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Debunking Dyson

Is history really a viable justification for the use of identity politics?

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K. Tymon Zhou | United States

How do you justify identity politics? Dr. Michael Eric Dyson, a Georgetown university sociology professor, uses history as a justification. Identity politics, in Dyson’s view, is a defensive response to historical injustices. During a recent interview, he declared that “When I check history, I think white people invented race.”  Dyson attacks his critics as historically ignorant, living in the “United States of Amnesia.” Dyson’s claim has a degree of validity. The United States has been historically dominated by whites. However, Dyson’s claim presents a false narrative that white Americans are uniquely guilty.

The idea that any one demographic group “invented” race is patently absurd.  Sociologists recognize that humans  instinctively gravitate towards group identities. Dyson’s claim that whites invented race as a group identity denies this universal principle. Henry Tajfel, a British social psychologist, demonstrated this in a 1970’s experiment.   Tajfel and his team organized a group of teens into completely arbitrary categories. The teens were told they were divided by artistic preference. Despite this arbitrary categorization, the teens persistently choose to give fake money to members of their own group. Group favoritism is a natural product of group identity, forming in-groups and out-groups. Consequently, cultural and philosophical justifications for racism are only mere outgrowths of this primal instinct. This extends beyond racial identity.  Non-European cultures created hierarchies of in-groups and out-groups within their own societies. West African slavery was centered on kinship, not racial identity. Mesoamerican civilizations such as the Aztecs and Mayans enslaved prisoners of war. Such examples demonstrate that group identity resulting in oppression is hardly unique to whites.

Even if one accepts Dyson’s premise that whites invented race, there are gaps in his argument. If race is a white invention, then why did American minorities embrace the concept? In the 1830s, Cherokee Native Americans embraced slavery, asserting that they were equal to whites and superior to African-Americans. As Paul Chatt Smith, a museum curator at the National Museum of the American Indian, explains:

The Five Civilized Tribes were deeply committed to slavery, established their own racialized black codes, immediately reestablished slavery when they arrived in Indian territory, rebuilt their nations with slave labor, crushed slave rebellions, and enthusiastically sided with the Confederacy in the Civil War.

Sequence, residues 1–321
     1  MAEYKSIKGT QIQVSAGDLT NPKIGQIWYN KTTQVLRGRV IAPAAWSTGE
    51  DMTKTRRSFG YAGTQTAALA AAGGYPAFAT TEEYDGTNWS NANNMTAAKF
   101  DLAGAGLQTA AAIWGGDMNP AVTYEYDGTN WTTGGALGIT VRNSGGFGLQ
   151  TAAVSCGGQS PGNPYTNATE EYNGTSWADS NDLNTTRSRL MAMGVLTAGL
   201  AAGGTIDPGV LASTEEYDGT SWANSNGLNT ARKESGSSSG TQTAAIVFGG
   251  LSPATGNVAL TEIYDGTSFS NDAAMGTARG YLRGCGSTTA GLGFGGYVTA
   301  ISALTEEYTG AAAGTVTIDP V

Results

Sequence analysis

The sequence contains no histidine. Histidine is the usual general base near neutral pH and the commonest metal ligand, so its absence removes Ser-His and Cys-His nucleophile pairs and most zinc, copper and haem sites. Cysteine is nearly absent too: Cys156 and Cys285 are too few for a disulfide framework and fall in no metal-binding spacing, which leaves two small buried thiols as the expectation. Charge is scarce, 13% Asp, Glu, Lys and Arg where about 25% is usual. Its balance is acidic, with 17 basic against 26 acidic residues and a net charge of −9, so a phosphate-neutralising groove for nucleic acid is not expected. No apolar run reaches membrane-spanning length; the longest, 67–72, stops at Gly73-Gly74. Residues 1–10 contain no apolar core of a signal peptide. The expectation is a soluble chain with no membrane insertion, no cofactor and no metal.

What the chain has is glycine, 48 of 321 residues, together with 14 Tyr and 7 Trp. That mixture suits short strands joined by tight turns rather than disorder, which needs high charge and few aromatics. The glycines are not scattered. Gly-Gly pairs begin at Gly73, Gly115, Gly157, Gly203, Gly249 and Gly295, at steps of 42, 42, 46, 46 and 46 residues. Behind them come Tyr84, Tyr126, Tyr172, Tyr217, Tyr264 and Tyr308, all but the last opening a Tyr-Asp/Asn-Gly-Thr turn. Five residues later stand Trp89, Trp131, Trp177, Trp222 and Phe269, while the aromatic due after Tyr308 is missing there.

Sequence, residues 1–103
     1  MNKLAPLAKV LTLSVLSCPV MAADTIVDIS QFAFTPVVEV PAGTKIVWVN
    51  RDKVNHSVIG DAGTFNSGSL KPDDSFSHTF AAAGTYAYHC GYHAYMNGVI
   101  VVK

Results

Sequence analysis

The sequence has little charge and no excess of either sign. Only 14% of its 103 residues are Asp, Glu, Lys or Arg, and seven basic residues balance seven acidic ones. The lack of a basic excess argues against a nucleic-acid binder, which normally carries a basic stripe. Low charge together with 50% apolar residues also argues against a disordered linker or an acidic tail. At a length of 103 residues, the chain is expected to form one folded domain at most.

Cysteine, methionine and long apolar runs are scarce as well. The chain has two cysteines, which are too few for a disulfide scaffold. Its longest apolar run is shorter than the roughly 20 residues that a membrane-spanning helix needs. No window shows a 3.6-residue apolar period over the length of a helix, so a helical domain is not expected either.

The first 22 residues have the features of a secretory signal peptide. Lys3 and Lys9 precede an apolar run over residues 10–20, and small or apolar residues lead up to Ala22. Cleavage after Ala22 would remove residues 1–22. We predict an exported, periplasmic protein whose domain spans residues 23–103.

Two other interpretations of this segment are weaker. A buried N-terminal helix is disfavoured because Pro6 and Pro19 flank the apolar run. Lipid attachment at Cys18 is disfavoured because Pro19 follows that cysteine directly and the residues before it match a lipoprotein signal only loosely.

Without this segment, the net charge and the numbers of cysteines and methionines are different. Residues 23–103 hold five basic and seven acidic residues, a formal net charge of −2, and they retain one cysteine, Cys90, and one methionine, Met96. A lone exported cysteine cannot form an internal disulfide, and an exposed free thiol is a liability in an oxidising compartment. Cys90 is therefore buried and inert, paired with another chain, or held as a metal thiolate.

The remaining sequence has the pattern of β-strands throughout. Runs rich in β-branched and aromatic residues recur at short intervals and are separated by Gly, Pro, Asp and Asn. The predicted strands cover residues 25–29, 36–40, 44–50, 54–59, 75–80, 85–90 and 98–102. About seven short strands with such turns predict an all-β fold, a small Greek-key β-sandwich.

If the idea of Native Americans owning slaves is shocking, African-Americans owning slaves is downright horrifying. Although, the number of African-American slave-holders was minuscule, a number became wealthy through slave labor. William Ellison, a black South Carolina planter, died owning 900 acres and 63 slaves in 1860. Ellison’s story is a perverse corruption of the American dream; he was born into slavery, but seems to have fully embraced the racial hierarchy of antebellum America. Moreover, free African-Americans were willing to fight for the Confederacy. The Louisiana Native Guards was formed by free African Americans.They asserted their loyalty to the southern cause:

  The free colored population [native] of Louisiana … own slaves, and they are dearly attached to their native land … and they are ready to shed their blood for her defense. They have no sympathy for abolitionism; no love for the North, but they have plenty for Louisiana … They will fight for her in 1861 as they fought [to defend New Orleans from the British] in 1814-1815.”

These examples demonstrate that whites were not alone in their racism. It had enshrouded and penetrated all segments of American society. One can make the argument that only a minority of Native Americans or African-Americans owned slaves.  However, the same was true of the American South, with only 25% of Southerners owning slaves. If one forgives the Cherokee and African-American slave-owners, one also must forgive their white peers.

These complex historical circumstances do not diminish the scope of injustice but it demonstrates that history is not a race-centered morality play. In Dyson’s narrative, whites alone are responsible for racial injustice. In reality, whites were acting on a universal group instinct in establishing in-groups and out-groups.  They were not alone in accepting racist dogmas and prejudices. Indeed, Dr. Dyson lives in the United States of Amnesia, not his opponents.


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